Eric Caratao

Charlotte Regional Visitors Authority
Research Analyst

Biography

Eric is a Research Analyst at Charlotte Regional Visitors Authority.  He formly worked at the UNC Charlotte Urban Institute as a Social Research Specialist.  His work at the Institute included: conducting needs assessments, program evaluations, focus groups, telephone and web-based surveys, database management and other various research services and technical assistance to community organizations, policymakers and educators. Eric’s research interests include organizations, demography and stratification.

Education

M.A. in Sociology UNC Charlotte and B.A. in Sociology and English UNC Charlotte.

Expertise

Human resources management, grant writing, research design, data collection and analysis, and market research.

Articles

  • ui.uncc.edu
    Jun 18, 2015
    If your agency or organization would like an affordable, reliable way to gauge public opinion and attitudes, the UNC Charlotte Urban Institute’s annual survey of Mecklenburg County residents may suit your research needs.
  • ui.uncc.edu
    Apr 08, 2014
    What are the characteristics of Mecklenburg County’s homeless population and how has it changed over time? To try to answer those questions, Mecklenburg County each year performs the Point in Time (PIT) Count, a federally mandated act to determine the prevalence and characteristics of homeless...
  • ui.uncc.edu
    Jan 14, 2014
    The UNC Charlotte Urban Institute is signing up participants for the 2014 Charlotte-Mecklenburg Annual Survey. The year’s first survey is scheduled for April, so if your agency or nonprofit would like to obtain more information, there is still time. (Photo: iStock)
  • ui.uncc.edu
    Dec 04, 2013
    Is Mecklenburg County a welcoming place? Most people here think so, according to a survey from the UNC Charlotte Urban Institute. A majority of Mecklenburg residents surveyed agreed or strongly agreed that Charlotte welcomes people regardless of gender, race, sexual orientation, immigration status or economic status. (Photo: Nancy Pierce)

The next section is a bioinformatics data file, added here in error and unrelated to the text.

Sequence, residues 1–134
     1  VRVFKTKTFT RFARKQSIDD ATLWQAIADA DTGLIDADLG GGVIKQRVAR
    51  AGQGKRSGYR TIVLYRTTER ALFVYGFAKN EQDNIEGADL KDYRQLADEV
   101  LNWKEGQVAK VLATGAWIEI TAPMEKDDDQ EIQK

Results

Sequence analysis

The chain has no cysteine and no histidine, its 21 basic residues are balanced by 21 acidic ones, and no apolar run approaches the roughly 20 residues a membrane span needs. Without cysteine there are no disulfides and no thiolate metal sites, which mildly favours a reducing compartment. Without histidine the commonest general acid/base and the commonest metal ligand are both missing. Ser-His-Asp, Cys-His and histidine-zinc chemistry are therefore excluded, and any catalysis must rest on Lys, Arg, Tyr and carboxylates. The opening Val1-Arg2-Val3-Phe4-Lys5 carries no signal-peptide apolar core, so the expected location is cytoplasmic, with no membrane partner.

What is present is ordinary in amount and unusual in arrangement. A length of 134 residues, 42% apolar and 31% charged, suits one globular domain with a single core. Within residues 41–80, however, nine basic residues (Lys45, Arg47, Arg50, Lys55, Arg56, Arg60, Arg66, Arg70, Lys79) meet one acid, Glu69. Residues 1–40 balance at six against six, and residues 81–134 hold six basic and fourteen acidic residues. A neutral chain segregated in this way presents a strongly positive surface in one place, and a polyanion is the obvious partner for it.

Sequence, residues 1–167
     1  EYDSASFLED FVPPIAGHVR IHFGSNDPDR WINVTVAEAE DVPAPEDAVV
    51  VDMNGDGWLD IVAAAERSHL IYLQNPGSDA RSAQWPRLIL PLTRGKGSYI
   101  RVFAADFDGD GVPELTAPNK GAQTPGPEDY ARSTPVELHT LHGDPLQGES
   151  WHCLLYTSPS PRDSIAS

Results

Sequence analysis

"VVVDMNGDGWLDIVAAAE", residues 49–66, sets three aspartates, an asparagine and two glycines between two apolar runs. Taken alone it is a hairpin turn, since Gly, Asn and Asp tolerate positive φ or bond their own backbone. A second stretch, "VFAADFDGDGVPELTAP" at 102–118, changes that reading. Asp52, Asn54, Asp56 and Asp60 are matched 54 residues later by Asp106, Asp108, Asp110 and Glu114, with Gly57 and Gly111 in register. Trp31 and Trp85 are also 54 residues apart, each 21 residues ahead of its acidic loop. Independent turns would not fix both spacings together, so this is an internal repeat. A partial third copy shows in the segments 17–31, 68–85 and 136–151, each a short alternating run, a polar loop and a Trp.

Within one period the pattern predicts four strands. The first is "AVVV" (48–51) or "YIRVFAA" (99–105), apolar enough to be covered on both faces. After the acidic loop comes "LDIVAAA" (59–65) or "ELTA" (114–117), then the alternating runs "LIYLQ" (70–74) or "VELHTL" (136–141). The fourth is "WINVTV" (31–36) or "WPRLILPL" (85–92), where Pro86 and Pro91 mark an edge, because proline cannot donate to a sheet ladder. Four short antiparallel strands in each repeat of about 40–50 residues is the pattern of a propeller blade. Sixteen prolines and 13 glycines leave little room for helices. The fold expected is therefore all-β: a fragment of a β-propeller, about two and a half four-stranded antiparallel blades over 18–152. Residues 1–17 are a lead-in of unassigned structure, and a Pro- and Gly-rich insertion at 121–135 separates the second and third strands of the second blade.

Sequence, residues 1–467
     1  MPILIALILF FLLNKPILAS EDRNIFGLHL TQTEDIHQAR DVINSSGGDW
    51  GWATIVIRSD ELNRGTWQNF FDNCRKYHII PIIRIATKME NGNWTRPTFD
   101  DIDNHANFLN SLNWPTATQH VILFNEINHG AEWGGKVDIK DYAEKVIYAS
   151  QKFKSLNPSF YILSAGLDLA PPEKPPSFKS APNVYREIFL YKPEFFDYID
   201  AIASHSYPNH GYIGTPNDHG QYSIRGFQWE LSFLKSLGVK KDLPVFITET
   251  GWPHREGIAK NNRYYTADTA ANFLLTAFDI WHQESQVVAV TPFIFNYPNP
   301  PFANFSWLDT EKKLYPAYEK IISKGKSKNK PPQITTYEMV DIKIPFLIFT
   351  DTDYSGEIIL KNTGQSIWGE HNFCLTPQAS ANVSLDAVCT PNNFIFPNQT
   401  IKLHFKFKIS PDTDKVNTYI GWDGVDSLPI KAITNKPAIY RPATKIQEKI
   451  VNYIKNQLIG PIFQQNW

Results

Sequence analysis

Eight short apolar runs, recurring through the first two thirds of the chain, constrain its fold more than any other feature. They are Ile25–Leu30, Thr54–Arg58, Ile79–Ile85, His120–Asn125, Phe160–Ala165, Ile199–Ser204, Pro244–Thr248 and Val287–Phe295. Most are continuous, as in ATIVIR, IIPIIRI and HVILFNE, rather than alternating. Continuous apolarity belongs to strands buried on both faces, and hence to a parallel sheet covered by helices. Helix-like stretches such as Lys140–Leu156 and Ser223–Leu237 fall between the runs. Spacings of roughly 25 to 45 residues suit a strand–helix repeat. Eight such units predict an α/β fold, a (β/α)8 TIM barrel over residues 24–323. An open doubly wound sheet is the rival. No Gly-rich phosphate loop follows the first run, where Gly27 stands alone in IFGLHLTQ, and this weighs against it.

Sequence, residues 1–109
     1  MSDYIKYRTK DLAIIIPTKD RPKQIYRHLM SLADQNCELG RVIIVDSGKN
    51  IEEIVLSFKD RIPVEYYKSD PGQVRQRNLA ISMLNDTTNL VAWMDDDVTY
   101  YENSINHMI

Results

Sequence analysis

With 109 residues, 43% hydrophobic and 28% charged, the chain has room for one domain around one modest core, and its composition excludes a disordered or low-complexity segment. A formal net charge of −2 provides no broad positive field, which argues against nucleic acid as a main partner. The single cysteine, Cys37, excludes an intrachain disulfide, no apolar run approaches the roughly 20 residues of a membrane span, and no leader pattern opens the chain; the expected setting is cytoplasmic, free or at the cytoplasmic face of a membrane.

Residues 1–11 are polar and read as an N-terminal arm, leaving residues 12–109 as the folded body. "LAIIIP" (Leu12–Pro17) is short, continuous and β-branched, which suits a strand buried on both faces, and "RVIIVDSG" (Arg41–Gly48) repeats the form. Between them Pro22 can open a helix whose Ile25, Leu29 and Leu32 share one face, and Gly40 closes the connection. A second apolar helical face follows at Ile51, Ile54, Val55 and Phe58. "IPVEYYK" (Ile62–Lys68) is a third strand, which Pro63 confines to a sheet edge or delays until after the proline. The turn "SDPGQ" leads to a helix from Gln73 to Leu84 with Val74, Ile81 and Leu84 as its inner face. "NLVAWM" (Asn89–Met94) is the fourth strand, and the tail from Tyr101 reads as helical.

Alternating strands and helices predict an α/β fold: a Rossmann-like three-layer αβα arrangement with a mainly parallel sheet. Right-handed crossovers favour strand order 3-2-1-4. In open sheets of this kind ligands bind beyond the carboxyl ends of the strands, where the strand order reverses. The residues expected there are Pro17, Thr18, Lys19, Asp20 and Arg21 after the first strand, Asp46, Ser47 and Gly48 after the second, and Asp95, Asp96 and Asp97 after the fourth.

• ui.uncc.edu
    May 23, 2013
    Mecklenburg County is home to one of the largest veteran communities in North Carolina. As one of the Regional Indicators Partners, Goodwill Industries of the Southern Piedmont collaborates with the UNC Charlotte Urban Institute to monitor trends among veterans (and other populations Goodwill serves). This article features an infographic that provides a snapshot of the 55,000 veterans living in the county. (Photo: Goodwill)
  • ui.uncc.edu
    Jun 18, 2012
    The Charlotte Mecklenburg Library budget is up by more than $800,000 for the coming fiscal year after suffering a larger reduction in funding during the recession than many of its peer library systems around the country. The increased funding will allow the restoration of Sunday hours at six regional branches during the coming school year.
  • ui.uncc.edu
    Mar 12, 2012
       
  • ui.uncc.edu
    Feb 10, 2012
    In September 2009, Goodwill Industries of the Southern Piedmont commissioned the UNC Charlotte Urban Institute to assess the need for a workforce development program for youth in the community and recommend any changes that should be made to put its fledgling Youth Job Connection program on the right track.
  • ui.uncc.edu
    Dec 07, 2011
    What are the greatest needs facing our community?  United Way of Central Carolinas posed this question to Mecklenburg County residents via the UNC Charlotte Urban Institute’s Annual Survey last spring. The survey found the greatest perceived community health need is preventive care, the greatest perceived need for children and youth is dropout prevention, and the greatest perceived need in housing and financial stability is job skills training.
  • ui.uncc.edu
    Nov 02, 2011
    Working with the University of North Carolina at Charlotte’s Urban Institute, the Urban League of Central Carolinas is assessing the conditions and experiences of all people in an eight-county Charlotte region through a project called the State of Ethnic Charlotte. The project measures ethnic progress and disparities, both quantitatively and qualitatively, across four Equality Index areas: economics, education, health, and social justice.